Jacqueline “Jackie” Rankin ’15 (ED), ’16 MA spent the fall semester of her master’s year in England as part of the Neag School’s Study Abroad Teaching Internship Program. In England, she taught students at Rooks Heath, a multicultural school in London with about 1,000 students ages 11 to 18. Rankin is a graduate of the Neag School’s Integrated Bachelor’s/Master’s program. She now teaches seventh- and eighth-grade math at Fred D. Wish Museum School in Hartford, Conn.
Hometown: South Windsor, Conn.
Concentration: Secondary education, mathematics
Compared with the student teaching you did previously in Hartford, Conn., how has teaching in London classrooms differed? “In Hartford, I thought I was in a diverse setting. But when we say ‘diverse’ here, it’s a whole new level. I have a Romanian student, a Turkish student. Neither of them speak English, but I’m teaching them math. You’re pulling out all the stops to learn how to teach them, and it’s a really rewarding experience.”
How do you prepare yourself to be able to teach people from all of these different backgrounds that you may not know anything about? “The big thing is to ask questions, and research something if you don’t know. So I did a probability lesson, and I was teaching about the probability of [pulling a specific] color of Skittles out of the Skittles bag. I had no idea if Skittles were halal or not. I was like, can my students eat these? Can they touch them? Here [in London], you have to be so aware, because every student deserves the same entry point. So if you’re doing an activity where they don’t have that access point, then you have to change it. I wanted to make sure that everyone could participate. For me, because I knew very little about the Islamic faith and the Muslim community, I educated myself, and I did the best I could so I was not making any faux pas.”
What has the coursework that is part of this internship program done for you? “It really helped me teach a cultural mindset, and to be aware that you are going to be dealing with kids from so many different backgrounds, whether it be race, religion, country, language, socioeconomic status. There are so many factors that make up a person’s culture that you are going to have to take into account and, as a teacher — to be a really effective teacher — you need to know how to deal with that on so many levels. So doing that here [in London] is incredible, because you get that wide range. … It’s taught me how to teach in a different environment, where you are forced to be more culturally aware.”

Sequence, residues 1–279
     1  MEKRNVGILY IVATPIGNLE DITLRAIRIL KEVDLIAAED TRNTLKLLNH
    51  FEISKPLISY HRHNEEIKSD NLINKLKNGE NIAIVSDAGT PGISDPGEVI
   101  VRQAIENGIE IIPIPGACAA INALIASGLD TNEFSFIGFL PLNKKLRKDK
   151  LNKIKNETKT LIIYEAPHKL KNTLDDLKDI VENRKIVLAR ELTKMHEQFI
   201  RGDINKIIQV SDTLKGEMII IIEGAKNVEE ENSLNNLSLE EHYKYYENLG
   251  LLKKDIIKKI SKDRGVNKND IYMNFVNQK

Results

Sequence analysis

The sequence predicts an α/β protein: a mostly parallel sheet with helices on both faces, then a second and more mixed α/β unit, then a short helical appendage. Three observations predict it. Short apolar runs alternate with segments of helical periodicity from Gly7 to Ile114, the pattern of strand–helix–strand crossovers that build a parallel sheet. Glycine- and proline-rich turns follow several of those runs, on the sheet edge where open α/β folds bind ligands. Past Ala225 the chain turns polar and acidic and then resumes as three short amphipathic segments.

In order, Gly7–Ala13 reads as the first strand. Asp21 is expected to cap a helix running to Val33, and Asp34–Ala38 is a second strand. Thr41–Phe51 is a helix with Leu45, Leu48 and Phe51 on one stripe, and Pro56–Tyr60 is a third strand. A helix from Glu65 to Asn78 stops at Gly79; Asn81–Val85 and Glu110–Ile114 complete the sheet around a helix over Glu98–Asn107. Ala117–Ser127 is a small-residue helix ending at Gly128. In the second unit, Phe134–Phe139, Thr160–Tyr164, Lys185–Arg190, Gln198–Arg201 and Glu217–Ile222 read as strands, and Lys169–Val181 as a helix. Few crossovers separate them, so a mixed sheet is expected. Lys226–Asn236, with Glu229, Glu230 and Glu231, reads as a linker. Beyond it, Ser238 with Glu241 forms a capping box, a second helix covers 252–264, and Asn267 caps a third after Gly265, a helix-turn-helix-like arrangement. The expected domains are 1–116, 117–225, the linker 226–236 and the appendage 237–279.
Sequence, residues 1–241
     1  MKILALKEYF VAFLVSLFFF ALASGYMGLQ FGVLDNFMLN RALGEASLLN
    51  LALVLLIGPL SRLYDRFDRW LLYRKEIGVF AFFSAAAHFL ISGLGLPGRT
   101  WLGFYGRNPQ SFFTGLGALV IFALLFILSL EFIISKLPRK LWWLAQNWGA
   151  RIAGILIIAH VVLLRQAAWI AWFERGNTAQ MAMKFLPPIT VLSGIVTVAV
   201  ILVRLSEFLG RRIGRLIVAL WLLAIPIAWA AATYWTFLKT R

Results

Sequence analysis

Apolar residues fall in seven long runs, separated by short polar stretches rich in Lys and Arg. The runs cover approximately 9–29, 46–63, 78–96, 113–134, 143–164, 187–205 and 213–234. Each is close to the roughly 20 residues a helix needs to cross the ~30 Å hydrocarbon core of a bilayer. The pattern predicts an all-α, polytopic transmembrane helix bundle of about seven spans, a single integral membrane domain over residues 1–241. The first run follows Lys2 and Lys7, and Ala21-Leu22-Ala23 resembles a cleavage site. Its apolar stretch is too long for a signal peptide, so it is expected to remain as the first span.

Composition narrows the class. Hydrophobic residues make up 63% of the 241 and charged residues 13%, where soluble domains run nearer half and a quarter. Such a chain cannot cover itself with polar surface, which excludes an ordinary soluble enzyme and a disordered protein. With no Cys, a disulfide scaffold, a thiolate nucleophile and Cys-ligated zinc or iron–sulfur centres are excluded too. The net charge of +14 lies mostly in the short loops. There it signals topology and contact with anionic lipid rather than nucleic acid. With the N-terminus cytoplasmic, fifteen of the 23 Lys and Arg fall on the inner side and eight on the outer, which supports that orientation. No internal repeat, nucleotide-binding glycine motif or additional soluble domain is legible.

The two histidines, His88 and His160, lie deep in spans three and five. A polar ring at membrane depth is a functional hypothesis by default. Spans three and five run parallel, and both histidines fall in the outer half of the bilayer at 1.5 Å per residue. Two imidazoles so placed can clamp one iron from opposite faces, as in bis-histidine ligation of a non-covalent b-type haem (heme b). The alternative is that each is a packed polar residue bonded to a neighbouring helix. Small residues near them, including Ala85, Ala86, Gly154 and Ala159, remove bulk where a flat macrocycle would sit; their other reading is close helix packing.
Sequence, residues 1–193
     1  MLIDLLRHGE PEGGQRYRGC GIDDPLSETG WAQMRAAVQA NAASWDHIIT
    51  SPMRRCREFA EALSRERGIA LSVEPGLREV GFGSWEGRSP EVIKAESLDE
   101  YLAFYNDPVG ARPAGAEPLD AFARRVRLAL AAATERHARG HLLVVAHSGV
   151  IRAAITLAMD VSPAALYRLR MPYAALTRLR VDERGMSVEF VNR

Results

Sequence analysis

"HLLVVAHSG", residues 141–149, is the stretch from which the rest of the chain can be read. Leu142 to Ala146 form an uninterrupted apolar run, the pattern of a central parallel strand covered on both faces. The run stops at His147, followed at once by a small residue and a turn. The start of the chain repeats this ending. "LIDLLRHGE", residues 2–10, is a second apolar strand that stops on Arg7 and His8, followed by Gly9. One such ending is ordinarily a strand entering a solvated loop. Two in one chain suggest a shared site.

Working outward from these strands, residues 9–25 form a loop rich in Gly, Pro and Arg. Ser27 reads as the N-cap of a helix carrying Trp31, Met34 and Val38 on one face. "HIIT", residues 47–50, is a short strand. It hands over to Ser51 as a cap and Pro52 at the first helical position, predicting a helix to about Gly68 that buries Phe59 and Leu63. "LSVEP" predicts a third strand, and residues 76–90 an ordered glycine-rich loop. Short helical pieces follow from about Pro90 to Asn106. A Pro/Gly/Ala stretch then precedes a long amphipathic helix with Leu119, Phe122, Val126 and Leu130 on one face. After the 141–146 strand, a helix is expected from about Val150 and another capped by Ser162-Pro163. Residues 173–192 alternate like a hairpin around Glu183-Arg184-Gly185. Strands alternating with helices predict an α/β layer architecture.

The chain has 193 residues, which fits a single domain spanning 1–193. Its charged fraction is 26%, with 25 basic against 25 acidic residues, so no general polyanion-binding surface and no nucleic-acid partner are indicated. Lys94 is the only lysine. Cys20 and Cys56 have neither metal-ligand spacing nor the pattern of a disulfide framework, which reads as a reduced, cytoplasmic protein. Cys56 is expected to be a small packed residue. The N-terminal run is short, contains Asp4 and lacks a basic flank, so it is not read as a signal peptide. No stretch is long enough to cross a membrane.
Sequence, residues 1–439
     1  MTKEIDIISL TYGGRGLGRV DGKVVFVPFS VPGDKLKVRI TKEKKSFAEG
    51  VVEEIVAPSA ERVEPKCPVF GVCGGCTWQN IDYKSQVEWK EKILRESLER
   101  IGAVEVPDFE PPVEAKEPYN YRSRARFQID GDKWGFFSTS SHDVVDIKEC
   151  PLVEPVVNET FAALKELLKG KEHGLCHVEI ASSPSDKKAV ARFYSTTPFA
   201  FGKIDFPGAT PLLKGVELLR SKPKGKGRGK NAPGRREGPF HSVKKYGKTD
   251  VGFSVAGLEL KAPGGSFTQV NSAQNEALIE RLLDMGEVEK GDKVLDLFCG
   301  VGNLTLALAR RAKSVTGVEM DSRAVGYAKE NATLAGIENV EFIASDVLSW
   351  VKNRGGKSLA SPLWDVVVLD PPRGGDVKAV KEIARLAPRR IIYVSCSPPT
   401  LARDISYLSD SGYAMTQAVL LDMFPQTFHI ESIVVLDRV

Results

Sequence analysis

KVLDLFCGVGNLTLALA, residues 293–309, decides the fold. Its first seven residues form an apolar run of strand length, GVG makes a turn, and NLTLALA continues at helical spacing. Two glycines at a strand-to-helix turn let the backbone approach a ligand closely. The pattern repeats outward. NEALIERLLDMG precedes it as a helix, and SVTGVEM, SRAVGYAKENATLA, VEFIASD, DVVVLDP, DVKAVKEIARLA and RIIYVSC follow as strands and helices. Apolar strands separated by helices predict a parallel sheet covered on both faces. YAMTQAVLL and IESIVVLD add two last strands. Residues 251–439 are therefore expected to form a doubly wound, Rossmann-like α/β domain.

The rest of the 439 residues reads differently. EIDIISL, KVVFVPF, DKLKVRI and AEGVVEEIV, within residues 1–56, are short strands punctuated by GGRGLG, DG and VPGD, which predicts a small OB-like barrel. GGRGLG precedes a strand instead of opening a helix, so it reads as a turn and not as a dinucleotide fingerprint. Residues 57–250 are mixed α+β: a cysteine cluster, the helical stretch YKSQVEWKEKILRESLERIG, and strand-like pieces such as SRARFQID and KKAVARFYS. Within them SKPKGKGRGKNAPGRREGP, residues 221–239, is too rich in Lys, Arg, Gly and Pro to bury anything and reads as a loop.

How have your your perspectives on the education system in the U.K. changed over the course of the semester? “When we first got here, it was very much like, OK, this is what I know about the United States; this is what I know about England. How is it different? What’s the same? I would constantly compare. Like this is how we teach math here; how do we teach math there? I was always comparing, comparing, comparing. And then as soon as we came on, it became less of comparing and more of, OK this is how it is; now let me figure out why that is. What is the purpose for this is, and what can I do with that?”
“There are so many factors that make up a person’s culture that you are going to have to take into account and, as a teacher — to be a really effective teacher — you need to know how to deal with that on so many levels.” Jackie Rankin ’15 (ED), ’16 MA
What kinds of lessons will you bring back with you to teaching in classrooms in the U.S.? “Here [in London], if the student’s doing the [math] problem wrong, you just say, ‘You’re doing the problem wrong.’ They’re OK with it. They don’t mind the criticism. They don’t get bogged down by getting it wrong; they want the help. That’s such a freeing thing as a teacher to be able to say, ‘You got it wrong.’ I see value in being straightforward with students. There’s no reason to tiptoe around it. I think I am definitely going to take that approach and be like, ‘All right, so you didn’t do this problem right. How are we going to fix it?’ I think that’s a good thing. The teachers here are very straightforward.”
What are you most proud of having accomplished during this experience? “Taking on a class by myself. Halfway through the semester, I was working with a year eight class, and their teacher left; they were working with a substitute. I was like, ‘Well, I was here with them for the entire first half, so let me step up and let me teach the class.’ I learned to take what I learned from teaching in the U.K., and what I learned from teaching in the U.S., and then doing a really good combined lesson. I took the best aspects of both.”